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Cardenas v. County of Alameda

United States District Court, N.D. California

May 2, 2017

RITA CARDENAS, an individual, L.V., by and through her guardian ad litem Ruby Cardenas, L.M., by and through her guardian ad litem Ruby Cardenas, and DAVID ORTIZ, an individual, Plaintiffs,
COUNTY OF ALAMEDA, a municipal corporation; COLBY STAYSA, MATTHEW FARRUGGIA, MICHAEL BUCKHOUT, VICTOR FOX, RAMSEY JACKSON, JAMES MCGRAIL, VICTOR RAMIREZ, and DOES 1-25, individually and in their official capacities, Defendants.




         In this civil rights action, plaintiffs claim constitutional violations arising out of a police search of their home. The County and defendant officers move to dismiss for failure to state a claim for relief. For the reasons below, the motion is Granted.


         On February 26, 2015, plaintiff Rita Cardenas was awakened by a loud commotion in front of her house. A voice over a loud speaker ordered Cardenas, her brother, and her brother's roommate to exit their home with their hands up to clear the way for a police search of the premises. As Cardenas, her brother, and her brother's roommate walked outside, they found their residence surrounded by several County officers (all named as defendants herein) with their guns drawn. The officers handcuffed, then separated them. Cardenas' two minor daughters, plaintiffs L.V. and L.M., who are both represented by the same guardian ad litem, awoke due to the noise and came to the front door (Amd. Compl. ¶¶ 19-21).

         The officers interrogated all five residents separately and demanded to know the location of the “man with long hair” who was the subject of a warrant to search their home. The officers also showed our plaintiffs a photograph of the subject. Plaintiffs replied that they did not recognize the “man with the long hair, ” but the officers ignored them. The officers continued to aggressively try to coerce information from each of the five individuals, including Cardenas' two minor daughters (id. ¶¶ 22-23, 34).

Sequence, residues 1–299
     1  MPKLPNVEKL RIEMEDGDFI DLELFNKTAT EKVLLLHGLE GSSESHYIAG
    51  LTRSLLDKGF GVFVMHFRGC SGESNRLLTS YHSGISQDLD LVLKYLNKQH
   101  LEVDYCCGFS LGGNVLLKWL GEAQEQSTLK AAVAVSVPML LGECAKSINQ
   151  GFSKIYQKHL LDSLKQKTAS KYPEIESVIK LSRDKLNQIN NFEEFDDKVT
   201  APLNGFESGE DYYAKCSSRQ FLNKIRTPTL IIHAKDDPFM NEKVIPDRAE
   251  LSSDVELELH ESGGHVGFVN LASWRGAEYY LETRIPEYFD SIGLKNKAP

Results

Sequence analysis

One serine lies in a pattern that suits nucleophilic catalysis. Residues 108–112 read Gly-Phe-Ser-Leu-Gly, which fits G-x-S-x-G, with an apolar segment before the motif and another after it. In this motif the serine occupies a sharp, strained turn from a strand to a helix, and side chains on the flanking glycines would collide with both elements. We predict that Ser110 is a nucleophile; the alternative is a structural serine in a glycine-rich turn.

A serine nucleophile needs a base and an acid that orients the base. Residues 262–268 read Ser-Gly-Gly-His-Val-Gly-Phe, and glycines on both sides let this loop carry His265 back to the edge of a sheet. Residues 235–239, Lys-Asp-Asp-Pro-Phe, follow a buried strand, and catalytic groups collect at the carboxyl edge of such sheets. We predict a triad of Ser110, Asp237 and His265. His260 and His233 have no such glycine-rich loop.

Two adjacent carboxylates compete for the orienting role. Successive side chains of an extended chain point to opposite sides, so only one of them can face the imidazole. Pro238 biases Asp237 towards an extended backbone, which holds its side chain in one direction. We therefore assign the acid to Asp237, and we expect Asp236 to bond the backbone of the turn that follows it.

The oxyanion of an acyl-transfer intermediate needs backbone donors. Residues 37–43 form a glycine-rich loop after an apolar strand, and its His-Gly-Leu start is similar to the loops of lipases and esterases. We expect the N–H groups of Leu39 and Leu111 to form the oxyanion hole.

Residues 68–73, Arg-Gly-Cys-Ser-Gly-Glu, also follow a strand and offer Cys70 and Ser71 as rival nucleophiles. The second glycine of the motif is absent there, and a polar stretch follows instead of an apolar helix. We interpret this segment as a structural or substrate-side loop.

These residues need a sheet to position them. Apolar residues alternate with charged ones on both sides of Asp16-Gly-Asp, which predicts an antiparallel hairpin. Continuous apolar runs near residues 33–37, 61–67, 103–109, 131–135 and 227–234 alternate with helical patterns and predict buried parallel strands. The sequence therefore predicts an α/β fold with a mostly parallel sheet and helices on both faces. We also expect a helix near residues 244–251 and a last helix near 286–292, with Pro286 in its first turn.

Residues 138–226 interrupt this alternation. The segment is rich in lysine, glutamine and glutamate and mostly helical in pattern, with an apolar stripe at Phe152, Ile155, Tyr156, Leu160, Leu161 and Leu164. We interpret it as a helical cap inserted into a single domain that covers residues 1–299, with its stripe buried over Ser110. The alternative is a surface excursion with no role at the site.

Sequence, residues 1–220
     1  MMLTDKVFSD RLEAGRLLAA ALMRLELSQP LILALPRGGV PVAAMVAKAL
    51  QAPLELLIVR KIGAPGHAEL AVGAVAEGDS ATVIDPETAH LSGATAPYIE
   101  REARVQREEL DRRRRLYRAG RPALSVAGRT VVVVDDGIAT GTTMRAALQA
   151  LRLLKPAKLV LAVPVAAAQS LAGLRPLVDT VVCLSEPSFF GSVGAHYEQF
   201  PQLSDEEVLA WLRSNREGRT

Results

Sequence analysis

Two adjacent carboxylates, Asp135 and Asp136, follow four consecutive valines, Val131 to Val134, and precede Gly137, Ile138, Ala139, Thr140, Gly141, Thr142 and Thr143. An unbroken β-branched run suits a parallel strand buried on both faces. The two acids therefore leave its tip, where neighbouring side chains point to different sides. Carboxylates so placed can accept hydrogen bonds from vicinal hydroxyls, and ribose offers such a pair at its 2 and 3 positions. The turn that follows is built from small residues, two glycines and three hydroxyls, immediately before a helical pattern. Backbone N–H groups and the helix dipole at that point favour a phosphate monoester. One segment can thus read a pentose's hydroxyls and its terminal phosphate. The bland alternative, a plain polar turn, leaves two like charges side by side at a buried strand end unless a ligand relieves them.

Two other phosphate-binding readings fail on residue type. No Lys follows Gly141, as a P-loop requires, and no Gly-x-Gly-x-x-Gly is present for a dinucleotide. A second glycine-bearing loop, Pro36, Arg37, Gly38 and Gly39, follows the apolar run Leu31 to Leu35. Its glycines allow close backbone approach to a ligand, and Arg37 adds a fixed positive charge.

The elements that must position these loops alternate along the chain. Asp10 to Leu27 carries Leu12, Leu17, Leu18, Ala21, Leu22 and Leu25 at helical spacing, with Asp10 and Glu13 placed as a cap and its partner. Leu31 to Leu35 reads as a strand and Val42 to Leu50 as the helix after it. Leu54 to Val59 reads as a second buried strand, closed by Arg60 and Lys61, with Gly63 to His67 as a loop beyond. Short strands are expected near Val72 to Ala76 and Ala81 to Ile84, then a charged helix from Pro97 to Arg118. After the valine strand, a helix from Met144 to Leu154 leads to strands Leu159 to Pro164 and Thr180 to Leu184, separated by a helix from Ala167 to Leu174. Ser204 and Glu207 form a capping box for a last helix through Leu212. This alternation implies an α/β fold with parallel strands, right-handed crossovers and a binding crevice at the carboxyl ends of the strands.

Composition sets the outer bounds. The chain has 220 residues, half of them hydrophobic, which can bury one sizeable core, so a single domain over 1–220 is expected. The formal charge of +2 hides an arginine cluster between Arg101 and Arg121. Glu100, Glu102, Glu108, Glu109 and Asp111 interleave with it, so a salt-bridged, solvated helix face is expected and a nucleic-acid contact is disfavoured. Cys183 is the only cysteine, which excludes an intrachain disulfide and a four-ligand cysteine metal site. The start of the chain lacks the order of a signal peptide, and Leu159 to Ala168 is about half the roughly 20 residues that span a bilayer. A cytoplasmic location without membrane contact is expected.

Officers patted down Cardenas and her daughters then escorted them to the police van whereupon the officers shot multiple cans of tear gas through the windows. During the subsequent search, the officers seized five ounces of marijuana (for which the brother's roommate proffered his medical marijuana license). No items listed in the search warrant were found (id. ¶¶ 24-25).

         Throughout the search, Cardenas requested to see a search warrant, but the officers denied her request. It turned out that the search warrant, signed by Judge Robert McGuiness and based on the affidavit of Alameda County Sheriff's Deputy Victor Ramirez, contained “inaccuracies, ” and the residents of Cardenas' house were not the true subjects of the warrant (id. ¶ 28).

         After the search, the residents could not return to their home because the house was still contaminated from the toxic residue of the tear gas. The next day, plaintiffs found their windows broken, holes in the ceiling, and some of their personal property damaged from the search. Moreover, Cardenas' eldest daughter suffered a severe reaction to the tear gas, which caused her eyes and skin to burn and her nose to run (id. ¶¶ 26-27).

         On September 9, 2016, plaintiffs commenced this action in federal court here in San Francisco, asserting claims under Section 1983 and violations of the Fourth and Fourteenth Amendment, among others.

         Originally, plaintiffs brought this action against the County, the City of Oakland, and Oakland police officers (Dkt. No. 6). The County moved for dismissal of the complaint on the grounds that the complaint failed to state facts to state a claim against the County other than vague references to a warrant that was issued based on “inaccurate” statements made by a County deputy (Dkt. No. 9). Plaintiffs did not append the warrant affidavit to their initial complaint nor did they provide any further discussion or facts illustrating the alleged inaccuracies (Compl. ¶ 28). Pursuant to the notice requesting defendant County to provide the warrant, the warrant was submitted to the Court at oral argument. At the hearing on the motion to dismiss, plaintiffs indicated that they intended to amend their complaint to substitute County individuals as defendants. Accordingly, the Court denied as moot the motion to dismiss, allowed plaintiffs to file an amended complaint, and granted defendants the option to file a motion to dismiss or answer the amended complaint (Dkt. No. 25).

         Plaintiffs amended their complaint alleging claims for constitutional violations, violations of the California Civil Code, negligence, assault and battery, and false imprisonment against the County and County officers (Dkt. No. 29). The County and County officers now move to dismiss the claims for constitutional violations, the tort claims, as well as the claim for punitive damages against them with prejudice. At the hearing on April 27, 2017, which plaintiffs' counsel failed to attend, the Court directed defense counsel to provide it with a copy of the documents, including the police report, provided to plaintiffs' counsel in compliance with the prior order (Dkt. No. 26). This order follows full briefing and oral argument.


         To survive a motion to dismiss, a complaint must contain sufficient factual matter, accepted as true, to state a claim for relief that is plausible on its face. A court is “not bound to accept as true a legal conclusion couched as a ...

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